Todd McShay thinks Texas safety Earl Thomas is rising up draft boards: "Should Thomas leave school following this season the overall safety class would become very strong. Eric Berry ranks as the No. 1 overall player on the board, and while USC's Taylor Mays remains in the top half of the first round Thomas could become legitimate competition for the No. 2 spot in the safety class."

Calvin Watkins reports that Oklahoma State wide out Dez Bryant will remain suspended for the rest of the 2009 season, effectively ending his college career. He'll enter the 2010 draft competing with Damian Williams to be the first receiver taken. For more on this story, check the video below:

Tuesday, 27 October 2009

Thoughts on USC's Charles Brown


I've just finished watching the tape from USC vs Oregon State which took place at the weekend. I put most of my focus on the Trojans' left tackle Charles Brown, a prospect who's generated some buzz recently and could be a candidate to move up draft boards. He's 6'6" and 285lbs, with the kind of athleticism you'd expect to see from a converted tight end. Brown also fits Seattle's zone blocking scheme, which favors intelligent lineman with agility. He'll be 23 years old by the 2010 draft next April.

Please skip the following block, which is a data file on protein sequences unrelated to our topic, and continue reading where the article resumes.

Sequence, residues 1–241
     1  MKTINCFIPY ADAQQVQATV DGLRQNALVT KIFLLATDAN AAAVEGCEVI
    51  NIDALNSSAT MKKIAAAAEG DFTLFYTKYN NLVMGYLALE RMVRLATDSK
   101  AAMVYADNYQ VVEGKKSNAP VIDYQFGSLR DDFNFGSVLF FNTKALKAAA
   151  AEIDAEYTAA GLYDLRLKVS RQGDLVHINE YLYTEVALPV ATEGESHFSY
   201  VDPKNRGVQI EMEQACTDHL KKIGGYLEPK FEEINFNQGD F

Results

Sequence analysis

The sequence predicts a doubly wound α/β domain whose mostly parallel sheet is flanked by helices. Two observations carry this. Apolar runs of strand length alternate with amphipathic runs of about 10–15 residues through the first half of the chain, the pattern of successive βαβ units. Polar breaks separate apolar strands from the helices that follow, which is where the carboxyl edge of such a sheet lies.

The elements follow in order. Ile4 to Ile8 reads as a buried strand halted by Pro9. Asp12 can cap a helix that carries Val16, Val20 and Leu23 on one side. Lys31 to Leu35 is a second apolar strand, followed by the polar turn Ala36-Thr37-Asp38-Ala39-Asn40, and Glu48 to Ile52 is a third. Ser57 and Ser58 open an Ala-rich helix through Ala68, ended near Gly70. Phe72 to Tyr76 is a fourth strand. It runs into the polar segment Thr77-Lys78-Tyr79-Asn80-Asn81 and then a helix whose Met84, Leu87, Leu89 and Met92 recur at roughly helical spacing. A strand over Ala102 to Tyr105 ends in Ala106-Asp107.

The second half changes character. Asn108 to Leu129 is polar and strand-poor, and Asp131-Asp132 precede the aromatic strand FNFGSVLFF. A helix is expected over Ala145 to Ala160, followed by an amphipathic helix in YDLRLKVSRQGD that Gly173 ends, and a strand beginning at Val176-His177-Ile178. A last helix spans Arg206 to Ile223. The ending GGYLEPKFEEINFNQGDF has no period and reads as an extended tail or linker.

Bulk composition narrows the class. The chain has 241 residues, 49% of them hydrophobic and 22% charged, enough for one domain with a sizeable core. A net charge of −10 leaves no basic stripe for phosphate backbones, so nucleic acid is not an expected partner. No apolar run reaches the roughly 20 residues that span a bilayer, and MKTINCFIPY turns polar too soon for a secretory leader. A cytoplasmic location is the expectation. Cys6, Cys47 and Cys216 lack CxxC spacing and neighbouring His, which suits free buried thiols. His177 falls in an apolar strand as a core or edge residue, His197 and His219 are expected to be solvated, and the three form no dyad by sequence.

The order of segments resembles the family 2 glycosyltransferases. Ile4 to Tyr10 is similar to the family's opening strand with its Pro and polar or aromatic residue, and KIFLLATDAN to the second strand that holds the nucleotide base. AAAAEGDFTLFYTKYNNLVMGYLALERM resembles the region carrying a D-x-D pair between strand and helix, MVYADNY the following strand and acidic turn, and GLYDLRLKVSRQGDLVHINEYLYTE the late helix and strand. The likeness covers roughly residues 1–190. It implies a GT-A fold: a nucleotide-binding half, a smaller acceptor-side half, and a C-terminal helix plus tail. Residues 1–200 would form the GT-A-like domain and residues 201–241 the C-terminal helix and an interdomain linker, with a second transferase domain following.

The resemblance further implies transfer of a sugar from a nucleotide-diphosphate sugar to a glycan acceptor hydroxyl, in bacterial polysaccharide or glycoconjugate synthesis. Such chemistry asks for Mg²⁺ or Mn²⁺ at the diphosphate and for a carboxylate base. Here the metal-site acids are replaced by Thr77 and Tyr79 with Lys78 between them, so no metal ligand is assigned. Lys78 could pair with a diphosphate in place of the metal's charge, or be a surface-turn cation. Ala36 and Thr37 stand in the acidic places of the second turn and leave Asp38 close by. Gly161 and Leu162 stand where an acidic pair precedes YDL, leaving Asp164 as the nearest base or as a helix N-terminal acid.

I'd had a chance to watch USC in the past and my initial impressions of Brown were that he had good footwork, had some value as a run blocker to match his obvious pass protection skills and could be a potential top end first round pick, form permitting. So what did the tape throw up today?

Again I was impressed with Brown's footwork. When he stands up and uses his feet to get into position, he had success. His real quality is getting into position quickly to make a sufficient block. Frequently Brown opted to use a cut block with less success. Sometimes it did the trick, sending the defensive end to the ground and giving Matt Barkley a free pass on his blind side. On other occasions (such as the Trojans first touchdown) Brown missed his man and needed Joe McKnight to help keep Barkley on his feet. It just all seemed a bit unnecessary, especially the frequency with which he went with the cut. When he stood up and relied on that excellent footwork, he was a lot more effective.

Sometimes Brown was caught a little flat footed. With 4:57 in the first quarter, Oregon State sent a two man blitz from his side. He didn't know which man to block, when he really should have taken the rusher inside and left the outside threat for Joe McKnight who was quickly into pass protect. In the end that indecisiveness allowed the inside guy a chance to burst through and Brown was fortunate not to get called for holding, pulling him back by the jersey. On the positive side, he recovered quickly to get back into position and help McKnight. The play actually led to a Barkley interception, but that was a quarterback error and no blame could be pinned at Brown.